Five friends return home from a marriage in Canada to the United States. Not far from the border, two customs officers stop them to check their identity. When the officers observe that one of the men is of middle-eastern origin, things quickly escalate to the point of no return, and the friends come to learn the full truth about, 'Homeland Security'....
Trust the French to be the only film-makers with big enough cahones to explore the horrifying infringement of rights that happens under the noses of Americans every day.
Right of the bat I'm gonna state that TERRITORIES, is essentially a true story. I wish to god it wasn't, but it is. The characters may be fictional, and the setting of the film may be rather trite in a time when 'lost in the backwoods', flicks are ten a penny. But this films message, and its intent, are entirely based in reality. The anguish onscreen is a very accurate portrayal of what the world knows to be going on in detention camps states-wide. The truly heartbreaking fact is that while there are only the lives of five characters being demolished by the state in this film, the real numbers are off the charts. As you suffer through TERRITORIES, you'll never once be swept off on fancy. Its brutally frank in its depiction of Guantanamo Bay, now closed, (Read : Relocated), and the many other hellish facilities where we lock our 'enemy combatants', without due process, trials or even reason. This is an important film. It's a film that demands you, the viewer, heed its message and take on board your complicity in the events onscreen. TERRITORIES is exactly the sort of movie western audiences need to be subjected to, to help shake off the hypnosis that they've been living under for so long. Viva France, indeed...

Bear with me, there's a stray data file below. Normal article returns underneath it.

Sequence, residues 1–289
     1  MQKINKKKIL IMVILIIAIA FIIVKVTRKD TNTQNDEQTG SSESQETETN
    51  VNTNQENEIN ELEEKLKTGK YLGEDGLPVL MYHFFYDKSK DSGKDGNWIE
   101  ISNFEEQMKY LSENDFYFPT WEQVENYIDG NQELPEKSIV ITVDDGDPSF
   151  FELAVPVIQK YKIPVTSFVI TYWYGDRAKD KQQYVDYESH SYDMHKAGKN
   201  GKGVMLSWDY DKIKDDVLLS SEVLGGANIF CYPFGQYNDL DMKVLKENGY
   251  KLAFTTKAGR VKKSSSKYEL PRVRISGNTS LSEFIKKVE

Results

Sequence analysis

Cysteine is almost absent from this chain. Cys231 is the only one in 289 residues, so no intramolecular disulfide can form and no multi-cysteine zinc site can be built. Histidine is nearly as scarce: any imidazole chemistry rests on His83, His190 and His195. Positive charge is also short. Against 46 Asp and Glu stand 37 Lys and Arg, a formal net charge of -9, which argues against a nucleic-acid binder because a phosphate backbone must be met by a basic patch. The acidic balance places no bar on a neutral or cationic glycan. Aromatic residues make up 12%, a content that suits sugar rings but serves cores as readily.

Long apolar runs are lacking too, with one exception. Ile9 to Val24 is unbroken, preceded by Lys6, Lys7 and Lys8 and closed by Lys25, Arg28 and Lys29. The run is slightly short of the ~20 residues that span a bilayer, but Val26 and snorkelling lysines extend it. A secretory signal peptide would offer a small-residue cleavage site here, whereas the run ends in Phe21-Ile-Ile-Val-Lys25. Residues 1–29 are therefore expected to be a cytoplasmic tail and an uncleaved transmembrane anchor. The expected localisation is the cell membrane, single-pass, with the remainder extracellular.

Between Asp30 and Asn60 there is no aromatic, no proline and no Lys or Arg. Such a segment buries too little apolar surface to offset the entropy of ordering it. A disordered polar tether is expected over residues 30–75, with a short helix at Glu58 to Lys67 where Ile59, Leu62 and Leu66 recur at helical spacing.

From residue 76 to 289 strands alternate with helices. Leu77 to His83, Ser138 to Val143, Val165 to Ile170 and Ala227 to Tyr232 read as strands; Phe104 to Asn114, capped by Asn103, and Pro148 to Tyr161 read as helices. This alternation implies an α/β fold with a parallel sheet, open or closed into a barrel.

The simple and predictable premise is where the similarity ends to other genre pictures, as the film opens itself up to new methods and ideas, and makes some very brave, very intelligent narrative choices. This could, and will, be labelled a 'torture porn' movie, though it's anything but. There is very little onscreen carnage, no gore to speak of, and the one scene in which a graphic depiction of agony is portrayed, is actually among the most tender moments in the entire movie. It's an altogether rare moment of mercy in an otherwise merciless film. The reason the film hits so hard and so effectively is in its inherent truth. What plot exists is merely a microcosm of the current atrocities the western world passes off as acts of 'national security', and it's very hard as a westerner to not feel a sense of shame in what takes place. After all, we get the government we deserve.
While the violence onscreen is subtle, the horror in the message is coming over loud and clear. This is an angry movie, and a very righteous one. From the opening moment, when we meet our young cast, and realize one of them is of middle-eastern descent, you feel your gut clench up. At least you do if your anyone with half a damn brain. You know where this is going. You've seen it happen a thousand times before. On the streets, in the pubs, in the airports, (although now the TSA has decided we're all terrorists. Thanks for that, you fucks), and to a far lesser degree, on that bastion of mindless shit we call television. The kids are interrogated at the roadside, brutalised, and incarcerated for absolutely no reason, other than the inherent fear, and brainwashing, that the antagonists have succumbed to. It's immediately heartbreaking.